9:15 Bridging the gap between Systems Biology and QSP: Application on modeling the Complement pathway and evaluating treatments for autoimmune diseases by Loveleena Bansal (GlaxoSmithKline) 

9:45 Break

10:00 Complementary Systems Pharmacology approaches to dissecting PI3K-inhibitor dependent GI toxicity (part 1) by Jonathan Wagg (Roche) 

10:30 Complementary Systems Pharmacology approaches to dissecting PI3K-inhibitor dependent GI toxicity (part 2) by Kapil Gadkar(Genentech) 

11:00 Integrated transcriptomics and mathematical modeling analysis for quantitative predictions of drug-induced toxicity. by Eric Sobie (Mount Sinai School of Medicine)

11:30 Panel Discussion: Chellenges in bridging Systems Biology with Quantitative Systems Pharmacology and Toxicology by All speakers

12:00 Session ends

Participants List: 

Chair Valeriu Damian, GlaxoSmithKline damiav01@gsk.com

Co-Chair Eric Sobie, Mount Sinai School of Medicine, eric.sobie@mssm.edu


Loveleena Bansal, GlaxoSmithKline, loveleena.x.bansal@gsk.com

Jonathan Wagg, Roche, jonathan.wagg@roche.com

Kapil Gadkar, Genentech, gadkar.kapil@gene.com

08:30-12:00 Session 4C: Tutorial: GraphSpace: Interdisciplinary Collaborations in Network Biology
Location: Torgersen Hall - Room 1010
Tutorial: GraphSpace: Interdisciplinary Collaborations in Network Biology
SPEAKER: T. M. Murali

ABSTRACT. Computational analysis of molecular interaction networks has become pervasive in systems biology. Nearly every publication that uses network analysis includes a visualization of a graph in which the nodes and edges are laid out in two dimensions. Several systems implement methods for creating such layouts. Despite these advances, interdisciplinary research teams in network biology face several challenges in sharing, exploring, and interpreting computed networks in their collaborations.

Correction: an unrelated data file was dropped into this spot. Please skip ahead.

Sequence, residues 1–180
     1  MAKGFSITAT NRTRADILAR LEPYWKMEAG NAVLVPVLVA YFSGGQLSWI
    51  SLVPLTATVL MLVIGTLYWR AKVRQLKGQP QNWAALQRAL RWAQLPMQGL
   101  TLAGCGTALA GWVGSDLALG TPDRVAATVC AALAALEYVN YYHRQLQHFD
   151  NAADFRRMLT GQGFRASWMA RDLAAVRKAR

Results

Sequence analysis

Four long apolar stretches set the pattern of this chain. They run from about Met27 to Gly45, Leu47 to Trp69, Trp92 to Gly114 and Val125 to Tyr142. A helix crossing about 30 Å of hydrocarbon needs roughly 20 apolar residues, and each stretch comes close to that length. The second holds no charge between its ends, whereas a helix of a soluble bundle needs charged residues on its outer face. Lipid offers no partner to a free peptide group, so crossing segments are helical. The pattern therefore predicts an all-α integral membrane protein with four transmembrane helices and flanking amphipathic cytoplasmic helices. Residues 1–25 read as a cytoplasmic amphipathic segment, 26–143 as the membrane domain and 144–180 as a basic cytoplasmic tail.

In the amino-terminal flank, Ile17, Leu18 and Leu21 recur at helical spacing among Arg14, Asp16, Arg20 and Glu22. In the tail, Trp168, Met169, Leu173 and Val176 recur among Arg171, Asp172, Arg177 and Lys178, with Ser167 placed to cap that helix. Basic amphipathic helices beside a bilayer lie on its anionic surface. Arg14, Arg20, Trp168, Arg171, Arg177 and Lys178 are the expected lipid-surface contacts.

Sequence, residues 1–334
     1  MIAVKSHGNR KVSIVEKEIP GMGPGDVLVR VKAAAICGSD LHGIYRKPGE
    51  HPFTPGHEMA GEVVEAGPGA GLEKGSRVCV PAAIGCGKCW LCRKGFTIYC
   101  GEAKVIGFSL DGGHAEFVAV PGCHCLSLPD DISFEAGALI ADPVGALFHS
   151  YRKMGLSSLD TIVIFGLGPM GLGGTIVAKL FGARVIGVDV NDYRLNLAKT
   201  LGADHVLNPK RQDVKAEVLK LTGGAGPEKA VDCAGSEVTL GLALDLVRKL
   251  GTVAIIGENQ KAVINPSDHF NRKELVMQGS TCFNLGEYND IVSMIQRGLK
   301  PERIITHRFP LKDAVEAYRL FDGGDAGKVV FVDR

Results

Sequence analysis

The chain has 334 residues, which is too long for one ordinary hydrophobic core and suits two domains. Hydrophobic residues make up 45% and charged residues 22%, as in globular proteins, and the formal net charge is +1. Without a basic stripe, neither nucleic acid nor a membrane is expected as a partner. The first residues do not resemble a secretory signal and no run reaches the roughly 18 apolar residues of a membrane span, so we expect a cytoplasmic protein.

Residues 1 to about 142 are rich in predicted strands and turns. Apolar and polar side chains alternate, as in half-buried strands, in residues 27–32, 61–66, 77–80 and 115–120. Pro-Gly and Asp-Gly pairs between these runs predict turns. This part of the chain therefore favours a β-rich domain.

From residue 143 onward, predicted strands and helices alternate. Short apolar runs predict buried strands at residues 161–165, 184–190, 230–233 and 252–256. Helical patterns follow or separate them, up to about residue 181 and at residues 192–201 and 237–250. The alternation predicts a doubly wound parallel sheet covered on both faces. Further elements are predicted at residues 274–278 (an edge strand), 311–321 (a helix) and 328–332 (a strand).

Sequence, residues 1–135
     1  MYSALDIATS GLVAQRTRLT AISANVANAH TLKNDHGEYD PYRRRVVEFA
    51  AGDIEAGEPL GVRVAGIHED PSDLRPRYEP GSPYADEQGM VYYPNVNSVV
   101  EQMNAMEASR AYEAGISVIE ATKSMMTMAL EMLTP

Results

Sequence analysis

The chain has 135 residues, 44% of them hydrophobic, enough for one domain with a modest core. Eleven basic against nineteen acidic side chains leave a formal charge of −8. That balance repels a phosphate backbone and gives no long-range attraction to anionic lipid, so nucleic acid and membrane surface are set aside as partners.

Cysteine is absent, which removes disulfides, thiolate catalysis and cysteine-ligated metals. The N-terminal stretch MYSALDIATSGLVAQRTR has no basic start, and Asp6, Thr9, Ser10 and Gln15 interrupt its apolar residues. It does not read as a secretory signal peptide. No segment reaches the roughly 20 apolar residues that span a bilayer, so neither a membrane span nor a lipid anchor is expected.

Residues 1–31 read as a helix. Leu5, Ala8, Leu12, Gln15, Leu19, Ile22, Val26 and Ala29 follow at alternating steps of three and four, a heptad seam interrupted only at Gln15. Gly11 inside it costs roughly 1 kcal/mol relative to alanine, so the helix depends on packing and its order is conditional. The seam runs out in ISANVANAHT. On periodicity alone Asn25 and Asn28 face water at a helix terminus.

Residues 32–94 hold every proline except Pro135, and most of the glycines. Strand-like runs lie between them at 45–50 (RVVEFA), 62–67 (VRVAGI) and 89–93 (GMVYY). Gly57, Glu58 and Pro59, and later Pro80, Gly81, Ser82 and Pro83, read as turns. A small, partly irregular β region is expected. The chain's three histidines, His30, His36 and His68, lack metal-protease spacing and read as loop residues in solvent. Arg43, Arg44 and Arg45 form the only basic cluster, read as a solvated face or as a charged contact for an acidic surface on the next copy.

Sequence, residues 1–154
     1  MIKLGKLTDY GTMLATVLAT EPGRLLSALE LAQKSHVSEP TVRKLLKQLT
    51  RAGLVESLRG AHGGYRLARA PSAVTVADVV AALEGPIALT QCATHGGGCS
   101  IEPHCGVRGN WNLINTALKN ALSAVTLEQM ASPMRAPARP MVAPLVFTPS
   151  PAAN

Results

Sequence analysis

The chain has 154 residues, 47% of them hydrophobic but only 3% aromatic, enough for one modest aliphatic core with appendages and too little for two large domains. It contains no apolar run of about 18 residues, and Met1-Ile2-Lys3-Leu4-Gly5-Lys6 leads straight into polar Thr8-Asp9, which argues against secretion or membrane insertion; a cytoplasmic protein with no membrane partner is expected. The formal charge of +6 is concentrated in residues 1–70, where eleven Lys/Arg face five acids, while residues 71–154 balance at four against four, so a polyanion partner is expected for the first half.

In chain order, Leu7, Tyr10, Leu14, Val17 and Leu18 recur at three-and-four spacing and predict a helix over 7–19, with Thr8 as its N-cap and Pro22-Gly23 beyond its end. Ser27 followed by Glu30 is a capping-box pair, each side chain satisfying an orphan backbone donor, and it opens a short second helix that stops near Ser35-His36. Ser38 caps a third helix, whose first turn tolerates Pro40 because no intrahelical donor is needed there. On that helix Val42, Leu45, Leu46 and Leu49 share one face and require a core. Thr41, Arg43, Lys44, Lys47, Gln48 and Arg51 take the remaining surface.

GraphSpace is a web-based system that provides a rich set of user-friendly features designed to enhance network-based collaboration:

  • Users can upload richly-annotated networks, irrespective of the algorithms or software used to generate them.
  • Users can create private groups, invite other users to join groups, and share networks with group members.
  • A user may search for networks that contain a specific node or edge, or a collection of nodes and edges.